She Doesn’t Need Them by Keri Karandrakis

I hauled the broom across the floor yesterday morning just after opening. The smell of eggrolls sauntered out from the kitchen, and the only ones who sat in section twelve were you and her. You held up your hand with your fingers parted in a sign language “K” and I fingered the end of the broom to tell you: I’m no waitress; I’m only here so I can eat tonight. “Ling-Ling,” the blonde with makeup to disguise her white eyelids, skipped up to you with a Ni hao in an American accent, and I was off to brush the dust out of my socks.

Fifty-nine minutes later, I was back in section twelve. The peak of lunch hour brought you your check, but you lingered. The white waitress’s eyes narrowed in on the ice melting in your glasses. The woman with you read from a book she called classic while I pushed pretend dust closer to your feet. “The sunset is a metaphor for endings,” she told you, and dug into her purse. When I noticed the cardboard box in her hands, I stepped in and pointed her to the sign with a red slash through a black cigarette.

“Untitled” (image via Flickr user Daniel Oines)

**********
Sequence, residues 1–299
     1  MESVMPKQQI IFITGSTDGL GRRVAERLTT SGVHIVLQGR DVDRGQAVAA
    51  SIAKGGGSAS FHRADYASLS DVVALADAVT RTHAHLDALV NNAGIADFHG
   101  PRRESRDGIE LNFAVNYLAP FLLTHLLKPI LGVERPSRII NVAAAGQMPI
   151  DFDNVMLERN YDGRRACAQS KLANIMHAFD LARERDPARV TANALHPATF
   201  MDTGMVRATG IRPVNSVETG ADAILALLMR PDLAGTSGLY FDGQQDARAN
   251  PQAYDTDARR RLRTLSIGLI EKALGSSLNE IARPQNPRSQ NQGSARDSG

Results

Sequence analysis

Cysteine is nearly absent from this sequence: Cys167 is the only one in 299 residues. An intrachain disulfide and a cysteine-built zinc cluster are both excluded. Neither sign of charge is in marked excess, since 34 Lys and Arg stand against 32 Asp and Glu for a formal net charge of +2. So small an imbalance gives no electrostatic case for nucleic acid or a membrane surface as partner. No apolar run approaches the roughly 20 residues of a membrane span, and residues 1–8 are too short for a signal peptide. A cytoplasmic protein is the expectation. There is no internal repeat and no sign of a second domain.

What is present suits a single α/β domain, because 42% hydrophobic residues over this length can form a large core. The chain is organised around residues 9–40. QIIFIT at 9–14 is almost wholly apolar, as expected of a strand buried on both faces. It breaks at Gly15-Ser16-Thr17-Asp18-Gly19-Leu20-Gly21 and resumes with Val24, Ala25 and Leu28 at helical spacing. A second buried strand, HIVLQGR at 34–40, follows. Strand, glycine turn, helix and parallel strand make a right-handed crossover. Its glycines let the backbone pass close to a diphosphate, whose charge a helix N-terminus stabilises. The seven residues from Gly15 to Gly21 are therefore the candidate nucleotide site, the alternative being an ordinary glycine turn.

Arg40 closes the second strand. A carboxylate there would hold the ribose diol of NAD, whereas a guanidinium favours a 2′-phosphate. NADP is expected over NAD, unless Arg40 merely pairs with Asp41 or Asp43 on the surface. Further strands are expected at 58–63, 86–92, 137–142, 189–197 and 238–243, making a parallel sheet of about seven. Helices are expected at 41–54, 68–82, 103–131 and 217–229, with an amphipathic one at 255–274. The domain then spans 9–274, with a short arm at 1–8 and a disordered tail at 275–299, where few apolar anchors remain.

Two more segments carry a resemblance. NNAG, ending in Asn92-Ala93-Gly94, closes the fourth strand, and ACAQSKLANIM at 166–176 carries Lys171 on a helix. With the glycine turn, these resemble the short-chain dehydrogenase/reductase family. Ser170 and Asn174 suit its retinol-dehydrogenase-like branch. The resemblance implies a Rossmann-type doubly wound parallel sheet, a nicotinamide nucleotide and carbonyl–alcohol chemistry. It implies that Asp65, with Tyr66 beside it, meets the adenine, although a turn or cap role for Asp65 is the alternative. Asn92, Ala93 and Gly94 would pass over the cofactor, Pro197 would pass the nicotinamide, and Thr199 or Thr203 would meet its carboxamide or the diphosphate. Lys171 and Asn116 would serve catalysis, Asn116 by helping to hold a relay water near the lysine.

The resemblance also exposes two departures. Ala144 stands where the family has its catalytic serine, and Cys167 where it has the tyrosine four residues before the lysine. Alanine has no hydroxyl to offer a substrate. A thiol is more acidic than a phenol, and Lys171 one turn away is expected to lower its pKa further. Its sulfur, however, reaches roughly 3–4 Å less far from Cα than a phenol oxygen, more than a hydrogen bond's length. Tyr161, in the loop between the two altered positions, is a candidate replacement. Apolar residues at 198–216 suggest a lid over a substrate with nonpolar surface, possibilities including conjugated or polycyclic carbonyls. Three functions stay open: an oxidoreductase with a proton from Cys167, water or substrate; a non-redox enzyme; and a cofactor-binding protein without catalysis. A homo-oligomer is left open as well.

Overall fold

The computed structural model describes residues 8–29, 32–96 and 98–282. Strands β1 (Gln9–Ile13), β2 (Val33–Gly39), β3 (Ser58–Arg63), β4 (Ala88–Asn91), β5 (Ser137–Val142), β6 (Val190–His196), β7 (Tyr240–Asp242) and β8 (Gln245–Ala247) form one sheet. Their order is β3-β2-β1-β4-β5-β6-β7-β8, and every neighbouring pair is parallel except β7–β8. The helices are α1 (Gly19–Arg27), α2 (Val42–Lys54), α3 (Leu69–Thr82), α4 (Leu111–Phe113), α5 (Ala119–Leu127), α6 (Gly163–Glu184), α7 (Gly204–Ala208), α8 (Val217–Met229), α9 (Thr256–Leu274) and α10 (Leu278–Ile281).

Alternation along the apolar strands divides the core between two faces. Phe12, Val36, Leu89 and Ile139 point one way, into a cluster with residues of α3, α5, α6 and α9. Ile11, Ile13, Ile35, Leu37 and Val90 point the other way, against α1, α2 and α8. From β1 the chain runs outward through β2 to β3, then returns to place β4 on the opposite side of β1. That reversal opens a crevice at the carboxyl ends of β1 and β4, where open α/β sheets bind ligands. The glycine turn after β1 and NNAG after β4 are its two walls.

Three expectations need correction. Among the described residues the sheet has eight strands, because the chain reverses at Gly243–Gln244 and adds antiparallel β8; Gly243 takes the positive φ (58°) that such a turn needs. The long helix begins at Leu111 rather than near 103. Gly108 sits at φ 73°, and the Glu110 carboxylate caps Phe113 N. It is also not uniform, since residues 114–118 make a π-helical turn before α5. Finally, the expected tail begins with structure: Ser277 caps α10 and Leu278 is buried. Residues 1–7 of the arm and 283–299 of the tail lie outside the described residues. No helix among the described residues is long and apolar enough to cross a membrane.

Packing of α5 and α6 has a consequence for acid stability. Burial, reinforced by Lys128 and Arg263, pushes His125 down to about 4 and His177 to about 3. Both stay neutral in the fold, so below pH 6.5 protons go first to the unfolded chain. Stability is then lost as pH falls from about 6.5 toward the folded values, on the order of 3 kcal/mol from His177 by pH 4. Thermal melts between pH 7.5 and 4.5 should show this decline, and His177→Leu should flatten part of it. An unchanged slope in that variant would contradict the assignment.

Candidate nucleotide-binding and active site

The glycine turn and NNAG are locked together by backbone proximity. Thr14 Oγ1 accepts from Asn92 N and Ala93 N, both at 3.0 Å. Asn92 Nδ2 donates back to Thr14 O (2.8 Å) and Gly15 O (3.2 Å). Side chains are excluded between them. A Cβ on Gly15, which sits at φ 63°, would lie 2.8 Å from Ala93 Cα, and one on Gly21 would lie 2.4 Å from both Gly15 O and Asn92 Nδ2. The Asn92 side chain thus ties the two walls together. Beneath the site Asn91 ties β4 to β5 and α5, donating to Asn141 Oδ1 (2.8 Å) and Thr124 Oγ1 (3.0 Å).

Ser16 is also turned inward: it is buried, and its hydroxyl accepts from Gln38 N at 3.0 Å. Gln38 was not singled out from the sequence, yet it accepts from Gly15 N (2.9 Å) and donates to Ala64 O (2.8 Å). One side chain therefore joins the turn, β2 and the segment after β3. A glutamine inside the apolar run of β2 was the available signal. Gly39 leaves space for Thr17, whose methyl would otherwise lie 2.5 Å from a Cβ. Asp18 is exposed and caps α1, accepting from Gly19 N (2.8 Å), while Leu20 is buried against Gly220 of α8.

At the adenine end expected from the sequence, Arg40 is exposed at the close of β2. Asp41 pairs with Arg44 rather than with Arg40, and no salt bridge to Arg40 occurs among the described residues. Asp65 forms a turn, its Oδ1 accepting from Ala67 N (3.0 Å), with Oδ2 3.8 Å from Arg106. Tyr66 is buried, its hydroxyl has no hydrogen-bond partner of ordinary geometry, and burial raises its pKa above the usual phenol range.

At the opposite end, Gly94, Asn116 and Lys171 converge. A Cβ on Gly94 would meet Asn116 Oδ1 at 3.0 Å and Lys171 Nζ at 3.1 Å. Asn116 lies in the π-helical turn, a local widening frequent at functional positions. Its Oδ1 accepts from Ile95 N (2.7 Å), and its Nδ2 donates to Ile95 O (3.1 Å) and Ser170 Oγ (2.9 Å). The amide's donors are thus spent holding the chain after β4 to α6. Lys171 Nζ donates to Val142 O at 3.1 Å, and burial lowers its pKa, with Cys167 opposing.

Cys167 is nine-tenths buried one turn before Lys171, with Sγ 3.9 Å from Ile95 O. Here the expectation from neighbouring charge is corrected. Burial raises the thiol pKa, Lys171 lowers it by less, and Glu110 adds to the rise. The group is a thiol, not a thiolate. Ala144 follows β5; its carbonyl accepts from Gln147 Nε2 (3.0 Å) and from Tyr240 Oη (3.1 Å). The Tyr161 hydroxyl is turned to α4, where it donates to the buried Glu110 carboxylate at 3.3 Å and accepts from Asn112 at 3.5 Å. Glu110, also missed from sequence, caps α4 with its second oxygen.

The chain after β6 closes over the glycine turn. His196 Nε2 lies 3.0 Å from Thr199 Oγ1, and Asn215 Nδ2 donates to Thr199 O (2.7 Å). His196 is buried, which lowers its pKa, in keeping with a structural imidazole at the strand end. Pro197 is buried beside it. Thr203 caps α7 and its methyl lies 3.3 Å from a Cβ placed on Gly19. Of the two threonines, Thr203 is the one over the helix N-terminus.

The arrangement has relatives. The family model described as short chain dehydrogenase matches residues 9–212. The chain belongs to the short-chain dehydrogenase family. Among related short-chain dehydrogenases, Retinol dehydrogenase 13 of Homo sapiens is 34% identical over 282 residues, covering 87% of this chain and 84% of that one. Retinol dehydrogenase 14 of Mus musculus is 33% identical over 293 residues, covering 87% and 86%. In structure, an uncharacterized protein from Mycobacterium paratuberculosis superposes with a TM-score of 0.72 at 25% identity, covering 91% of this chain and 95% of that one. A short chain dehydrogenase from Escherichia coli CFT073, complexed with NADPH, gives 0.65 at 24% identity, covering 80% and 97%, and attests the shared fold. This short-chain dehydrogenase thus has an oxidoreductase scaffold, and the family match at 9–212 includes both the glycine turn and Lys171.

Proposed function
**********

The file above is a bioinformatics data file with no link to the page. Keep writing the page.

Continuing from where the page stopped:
“She doesn’t need them anyway,” you said, and forced the box out of her grasp. She reached up to pull her hair, but her fingers fell short of the pixie-cut, reaching for phantom strands at her shoulders. You dunked the box into your glass and soaked it through with water, then pulled out its soggy carcass and laid it on the table. Fingers dug into her palms, she cast the purse over her shoulder. Her footsteps clicked all the way to the door, and back again, as she stretched out her middle finger just to give herself the satisfaction of telling you to screw yourself. You signed the cheque and raced into the parking lot in the September heat wave.

My grandmother reads the newspaper every morning, and today, as she was reading, I noticed a headline on the front page. It said your name was Samuel and that she took a crowbar to your temples. Her name was Rebecca and she had taken your last name. Her blood-dotted face with an Antarctic stare ran along the room. I directed my eyes to the last line in the first paragraph. The charges were dropped when she lifted her shirt up to her bust, and showed them your signature.

I caught Ling-Ling suckling Rebecca’s dried-out Camels at half past three, and when she came back to order eggrolls to-go, I stole the box away from Ling-Ling and placed it in your widow’s shriveled hands. She shook her head and told me she didn’t need them anymore.

Keri Karandrakis is a writer from Georgia. No, not the country, the state. She has worked for Polyphony HS and Winter Tangerine Review, and has been published in magazines including White Ash Literary Magazine. She is a cat-obsessed feminist, and probably should be doing something that she’s not doing right now.